This weekend I was presented with the opportunity to acknowledge my privileged and downright rude white behaviour and act on it, to make a change. Biases aren’t just here to be examined. They call to us to surface them, acknowledge them, and repair any harm they may have caused. Once we have gone through these first steps we CAN make changes in our biases and behaviours and their concomitant outcomes .
I was out shopping with my mother. She is 88 and has Alzheimer’s. At this point, the disease makes her fatigue easily and she becomes overwhelmed quickly by input. Shopping is stressful for me at these times. I want to buy whatever it is that she requires fast and keep her feeling as safe and steady as possible. I become tense quite quickly.
It is at these moments, the times of tension and stress, that pertinent unconscious biases are most likely to surface during difficult situations. It’s at these times that we need to practice mindfulness.
Arnold Mindell has developed a type of psychotherapy called Process Psychology. Once of the techniques that I have learned from him is becoming aware of flirts. No, not like in relationships. But becoming aware of flirts from the cosmos and investigating why they caught your eye. I think of this as surfacing a flirt. Something flickers in our awareness. Usually, we don’t focus on them. For example, seeing a face in clouds, or driving on a street where a particular house feels inviting as you drive by. It’s moments like these that need you to stop and get curious about what’s catching your attention? And more importantly: What is it trying to tell you? I used this technique to explore my whiteness over this past weekend.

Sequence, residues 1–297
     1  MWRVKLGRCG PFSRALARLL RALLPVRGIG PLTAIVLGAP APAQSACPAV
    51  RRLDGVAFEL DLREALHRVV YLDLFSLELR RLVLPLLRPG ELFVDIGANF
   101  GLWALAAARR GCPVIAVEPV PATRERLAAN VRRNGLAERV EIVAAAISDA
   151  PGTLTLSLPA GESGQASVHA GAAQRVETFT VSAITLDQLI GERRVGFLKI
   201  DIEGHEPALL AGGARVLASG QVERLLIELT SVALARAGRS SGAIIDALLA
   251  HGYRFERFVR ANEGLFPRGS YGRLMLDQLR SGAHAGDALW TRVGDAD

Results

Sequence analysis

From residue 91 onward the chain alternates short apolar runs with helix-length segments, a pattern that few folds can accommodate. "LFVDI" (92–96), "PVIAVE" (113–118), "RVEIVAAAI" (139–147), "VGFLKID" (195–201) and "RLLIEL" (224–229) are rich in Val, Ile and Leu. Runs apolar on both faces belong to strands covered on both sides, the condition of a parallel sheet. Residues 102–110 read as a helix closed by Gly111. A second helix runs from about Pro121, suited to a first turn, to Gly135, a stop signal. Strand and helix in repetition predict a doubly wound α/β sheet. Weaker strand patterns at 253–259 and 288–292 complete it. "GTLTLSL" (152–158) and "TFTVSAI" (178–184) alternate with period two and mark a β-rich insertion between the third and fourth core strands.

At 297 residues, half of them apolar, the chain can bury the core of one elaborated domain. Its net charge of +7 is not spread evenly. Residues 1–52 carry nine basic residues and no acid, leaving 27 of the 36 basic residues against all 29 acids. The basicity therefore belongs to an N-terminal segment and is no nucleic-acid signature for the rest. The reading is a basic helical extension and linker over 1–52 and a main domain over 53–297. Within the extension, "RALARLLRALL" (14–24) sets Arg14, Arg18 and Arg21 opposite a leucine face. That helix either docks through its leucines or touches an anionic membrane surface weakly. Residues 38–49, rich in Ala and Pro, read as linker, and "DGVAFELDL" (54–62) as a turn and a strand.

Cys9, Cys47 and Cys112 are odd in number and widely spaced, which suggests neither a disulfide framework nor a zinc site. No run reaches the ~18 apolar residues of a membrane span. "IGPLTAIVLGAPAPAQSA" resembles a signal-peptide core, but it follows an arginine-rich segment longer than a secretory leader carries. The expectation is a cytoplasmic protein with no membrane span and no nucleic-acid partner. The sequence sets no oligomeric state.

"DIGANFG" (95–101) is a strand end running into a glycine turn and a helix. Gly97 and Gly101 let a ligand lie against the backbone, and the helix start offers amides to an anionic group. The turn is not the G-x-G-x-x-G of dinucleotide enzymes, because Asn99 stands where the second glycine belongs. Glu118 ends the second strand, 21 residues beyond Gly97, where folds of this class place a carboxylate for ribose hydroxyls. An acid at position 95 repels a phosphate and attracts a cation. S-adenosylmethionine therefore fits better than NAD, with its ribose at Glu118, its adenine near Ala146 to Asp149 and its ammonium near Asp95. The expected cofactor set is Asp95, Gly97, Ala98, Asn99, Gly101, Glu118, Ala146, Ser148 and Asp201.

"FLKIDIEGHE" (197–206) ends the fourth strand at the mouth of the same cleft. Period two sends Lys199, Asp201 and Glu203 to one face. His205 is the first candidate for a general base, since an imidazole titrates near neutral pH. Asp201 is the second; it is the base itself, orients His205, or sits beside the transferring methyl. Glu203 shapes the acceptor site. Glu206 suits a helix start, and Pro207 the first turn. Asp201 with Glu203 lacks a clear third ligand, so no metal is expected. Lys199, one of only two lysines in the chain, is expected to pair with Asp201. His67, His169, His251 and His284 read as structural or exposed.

Back to shopping with my mother. I had left her sitting at a nearby café while I scooted off to pick up her prescription at the pharmacy. I ran all the way to the pharmacy and, as I approached, saw a lineup. I butted in in front of a black woman who was clearly first in line and I waited to catch the eye of the pharmacist. As I waited, I caught a glimpse of myself as if from above. I took that flirt that had my attention and got curious about what was going on there. First I examined it through my visual field. What I saw were two women vying for the attention of a pharmacy technician. One of them, though, thought she had a “right” to be attended to first because of her eldership, status and race. That woman was me. Then I gave voice to what I saw. What I heard was the rationale “I am only going make a quick transaction. The woman behind me, well she might take longer…..” As I put my voice to these thoughts, I began to slowly walk backwards. I was embarrassed by my behaviour. Her "otherness" began to dissolve into humanness. I looked this stranger directly in her eyes and said “I’m sorry. I am sorry for pushing in front of you.”
I then walked behind her knowing and showing that actions speak louder than words.
When you are stressed, try using this approach to surface your unconscious biases.
If you’d like a collaborator in exploring your whiteness, contact firstname.lastname@example.org